Shameless plug for Godbeat friend

beliefblog2The world cannot have enough blogs about religion news, as far as I am concerned.

So I am happy to announce that veteran religion-beat specialist Julia Duin of The Washington Times has opened up shop online. She has had a personal homepage and blog for some time (if you are interested in parenting and conditions in Kazakhstan, check that out), and now she will be adding content to her newspaper work at the new BeliefBlog. I do have a style question: Is there a space between “Belief” and “Blog” in that title or not?

Duin opens the door with a reference — a Godbeat classic — to a comparision that the late George Cornell of the Associated Press used to make. It’s simple. Count the number of people who worship every weekend and the money they donate to religious causes and institutions. Then count the number of people attending sporting events every weekend and the dollars they spend. Compare the two, then count the number of journalists assigned to each of these subjects. It’s not a fair fight. Duin adds:

Not only is religion big business, it’s big news, which is why we felt it was about time this newspaper premiered a religion blog. It’s not the first to do so in the secular media. About 30 outlets are ahead of us on this one. But, better late than …

Today, Dec. 3, is an appropriate launch date for BeliefBlog, one day after the first Sunday in Advent and one day before Hanukkah. We did some mulling over the title and decided for alliteration and simplicity (although I do think one editor’s suggestion of “Papal Bull” could have attracted attention a lot quicker.)

I plan to make this stand out amongst many of the current faith blogs, many of which are little more than daily religion digests with uplinks. Not here. I’m aiming at something closer to Ruth Gledhill’s “Articles of Faith” blog blog in the London Times that has juicy details not in the dead tree version.

In other words, more of a commentary blog on news events, as opposed to a running digest and commentary on religion-news coverage (like, well, GetReligion).

So welcome to cyberspace. Any other nominations out there for new Godbeat blogs to add to the essentials list?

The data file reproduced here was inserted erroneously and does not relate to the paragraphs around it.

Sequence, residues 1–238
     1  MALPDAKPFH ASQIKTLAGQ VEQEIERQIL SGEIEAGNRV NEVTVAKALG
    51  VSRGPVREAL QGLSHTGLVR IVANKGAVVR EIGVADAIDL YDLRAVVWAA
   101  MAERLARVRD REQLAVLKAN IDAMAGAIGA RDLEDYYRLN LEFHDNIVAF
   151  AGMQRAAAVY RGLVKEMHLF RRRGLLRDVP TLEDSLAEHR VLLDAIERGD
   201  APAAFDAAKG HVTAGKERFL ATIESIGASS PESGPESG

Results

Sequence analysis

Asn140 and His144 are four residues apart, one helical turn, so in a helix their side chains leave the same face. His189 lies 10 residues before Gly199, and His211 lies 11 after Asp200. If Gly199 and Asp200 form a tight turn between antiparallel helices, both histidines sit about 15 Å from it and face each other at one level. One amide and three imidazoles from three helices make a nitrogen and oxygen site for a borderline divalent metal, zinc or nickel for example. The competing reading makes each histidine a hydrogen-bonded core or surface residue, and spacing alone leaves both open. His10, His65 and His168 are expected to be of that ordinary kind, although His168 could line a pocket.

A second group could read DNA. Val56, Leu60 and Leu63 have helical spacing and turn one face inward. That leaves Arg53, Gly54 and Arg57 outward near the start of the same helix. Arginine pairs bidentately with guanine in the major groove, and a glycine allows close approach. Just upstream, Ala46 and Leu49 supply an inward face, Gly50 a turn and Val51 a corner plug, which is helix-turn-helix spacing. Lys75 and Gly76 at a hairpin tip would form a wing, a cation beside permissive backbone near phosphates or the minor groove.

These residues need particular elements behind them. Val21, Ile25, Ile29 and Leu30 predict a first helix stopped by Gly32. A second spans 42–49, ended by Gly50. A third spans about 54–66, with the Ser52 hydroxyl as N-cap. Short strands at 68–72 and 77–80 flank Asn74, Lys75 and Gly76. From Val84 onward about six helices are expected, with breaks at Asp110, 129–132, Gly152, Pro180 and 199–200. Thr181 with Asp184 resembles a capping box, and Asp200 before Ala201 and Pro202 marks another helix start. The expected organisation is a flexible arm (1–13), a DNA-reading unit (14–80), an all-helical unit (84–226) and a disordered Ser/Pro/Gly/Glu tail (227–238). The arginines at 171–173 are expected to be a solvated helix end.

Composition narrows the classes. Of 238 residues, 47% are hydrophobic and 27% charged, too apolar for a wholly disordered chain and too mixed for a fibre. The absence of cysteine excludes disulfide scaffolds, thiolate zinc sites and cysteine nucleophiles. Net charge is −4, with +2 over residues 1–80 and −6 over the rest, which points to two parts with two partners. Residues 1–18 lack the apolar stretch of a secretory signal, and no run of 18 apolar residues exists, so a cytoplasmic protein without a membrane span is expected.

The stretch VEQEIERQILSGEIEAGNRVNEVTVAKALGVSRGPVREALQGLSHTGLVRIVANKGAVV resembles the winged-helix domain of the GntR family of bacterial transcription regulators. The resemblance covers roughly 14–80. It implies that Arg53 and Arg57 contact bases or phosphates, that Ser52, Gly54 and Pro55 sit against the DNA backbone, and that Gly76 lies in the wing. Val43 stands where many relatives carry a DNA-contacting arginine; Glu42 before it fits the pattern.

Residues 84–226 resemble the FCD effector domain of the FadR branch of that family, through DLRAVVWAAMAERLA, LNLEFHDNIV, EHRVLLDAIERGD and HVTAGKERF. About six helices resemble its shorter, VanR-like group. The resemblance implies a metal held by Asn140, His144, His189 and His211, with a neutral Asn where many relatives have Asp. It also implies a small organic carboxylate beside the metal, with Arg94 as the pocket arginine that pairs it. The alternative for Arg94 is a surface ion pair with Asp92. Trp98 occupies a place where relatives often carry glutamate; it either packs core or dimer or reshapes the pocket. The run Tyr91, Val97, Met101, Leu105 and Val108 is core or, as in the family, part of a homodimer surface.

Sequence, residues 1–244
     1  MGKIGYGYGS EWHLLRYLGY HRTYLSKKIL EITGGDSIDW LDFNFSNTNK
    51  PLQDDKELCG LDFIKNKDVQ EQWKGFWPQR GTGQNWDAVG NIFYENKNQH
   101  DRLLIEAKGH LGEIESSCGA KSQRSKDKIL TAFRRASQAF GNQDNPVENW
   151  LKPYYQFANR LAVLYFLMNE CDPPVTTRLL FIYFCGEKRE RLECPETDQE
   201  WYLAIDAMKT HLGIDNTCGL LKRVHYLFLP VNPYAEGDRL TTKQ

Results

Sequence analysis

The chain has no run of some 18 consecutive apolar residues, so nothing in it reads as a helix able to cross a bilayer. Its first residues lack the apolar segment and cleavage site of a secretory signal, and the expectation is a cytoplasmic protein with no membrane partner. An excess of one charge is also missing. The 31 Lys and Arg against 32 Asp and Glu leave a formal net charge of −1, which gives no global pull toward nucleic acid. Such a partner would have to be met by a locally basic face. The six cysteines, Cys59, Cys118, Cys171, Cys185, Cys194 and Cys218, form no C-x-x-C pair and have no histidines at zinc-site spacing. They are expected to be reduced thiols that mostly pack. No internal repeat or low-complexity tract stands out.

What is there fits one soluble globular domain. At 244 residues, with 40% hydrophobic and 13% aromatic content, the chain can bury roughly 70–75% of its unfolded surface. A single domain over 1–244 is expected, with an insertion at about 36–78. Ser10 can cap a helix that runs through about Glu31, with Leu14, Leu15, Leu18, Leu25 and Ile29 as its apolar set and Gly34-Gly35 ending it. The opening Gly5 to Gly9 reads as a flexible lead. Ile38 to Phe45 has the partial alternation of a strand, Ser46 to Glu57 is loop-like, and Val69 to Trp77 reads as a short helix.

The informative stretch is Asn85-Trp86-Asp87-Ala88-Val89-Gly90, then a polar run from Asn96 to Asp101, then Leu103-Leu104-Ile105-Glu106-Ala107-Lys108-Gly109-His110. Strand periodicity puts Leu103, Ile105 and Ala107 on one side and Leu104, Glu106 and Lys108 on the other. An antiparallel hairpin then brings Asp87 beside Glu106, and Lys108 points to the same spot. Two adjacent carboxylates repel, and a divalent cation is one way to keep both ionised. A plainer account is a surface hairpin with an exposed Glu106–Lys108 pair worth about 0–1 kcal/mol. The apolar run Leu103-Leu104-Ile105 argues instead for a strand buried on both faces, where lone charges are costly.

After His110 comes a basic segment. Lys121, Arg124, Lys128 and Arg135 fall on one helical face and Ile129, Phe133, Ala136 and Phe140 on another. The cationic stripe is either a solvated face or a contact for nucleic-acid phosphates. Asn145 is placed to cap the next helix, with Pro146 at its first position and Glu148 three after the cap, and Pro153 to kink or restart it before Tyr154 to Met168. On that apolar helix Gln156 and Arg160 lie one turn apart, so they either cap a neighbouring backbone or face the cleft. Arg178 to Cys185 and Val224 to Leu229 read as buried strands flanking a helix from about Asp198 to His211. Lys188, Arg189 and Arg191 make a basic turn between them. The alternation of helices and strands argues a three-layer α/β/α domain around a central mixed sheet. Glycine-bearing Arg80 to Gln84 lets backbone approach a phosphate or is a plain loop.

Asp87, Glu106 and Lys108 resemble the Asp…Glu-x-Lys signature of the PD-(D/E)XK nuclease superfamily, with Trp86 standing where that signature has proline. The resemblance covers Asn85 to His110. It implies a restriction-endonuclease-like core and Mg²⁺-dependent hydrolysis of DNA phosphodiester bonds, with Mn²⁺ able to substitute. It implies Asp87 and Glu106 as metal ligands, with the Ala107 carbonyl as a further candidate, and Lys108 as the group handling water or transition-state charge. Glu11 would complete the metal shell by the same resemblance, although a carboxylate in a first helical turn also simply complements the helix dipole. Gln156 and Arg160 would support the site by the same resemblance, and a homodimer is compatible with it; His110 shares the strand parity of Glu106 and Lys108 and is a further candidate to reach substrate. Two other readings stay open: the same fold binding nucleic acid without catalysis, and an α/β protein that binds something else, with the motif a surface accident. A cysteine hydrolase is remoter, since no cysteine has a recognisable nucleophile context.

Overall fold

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About tmatt

Terry Mattingly directs the Washington Journalism Center at the Council for Christian Colleges and Universities. He writes a weekly column for the Universal Syndicate.

  • Michael

    Since the American model of objective journalism is different from the British model, I wonder whether Duin can take the Gledhill approach and still be viewed as objective. Gledhill has a clear bias–but so does her newspaper–so it’s easier to get away with “juicy details not in the dead tree version.” But can that be done in the U.S? That’s an ethical question facing a lot of newspapers as they turn supposedly objective reporters into bloggers who are slugging it out in the blogosphere.

    Duin is successful at being fairly objective while writing for a newspaper that wears its ideology on its sleeve, even on the news pages. In that sense, maybe the Gledhill model can work since one assumes the newspaper already has a specific point of view.

  • Julia Duin

    Merci beaucoup to GetReligion for your kind words. In answer to your question, BeliefBlog is one word. Victor Morton, the brilliant editor on national desk who catches my mistakes, suggested “Encyclicals” as a blog title, which I really liked. But all the non-Catholics in the newsroom looked blank when I suggested that one. “Is that a cross between an encyclopedia and a popsicle?” one asked.
    I’m not going to be commenting on religion news coverage cuz I can’t compete with y’all. But analysis and background I can do. Michael’s question is a fair one altho there are several folks at the competition across town who double as reporters and columnists and no one questions their integrity. For the record tho, the Powers That Be here understandably don’t want me registering my personal opinion on topics I cover as hard news.

  • Victor Morton

    Whosoever doth not call her blog “Encyclicals” and so deny the necessity of definitive teaching authority in religion matters … anathema sit.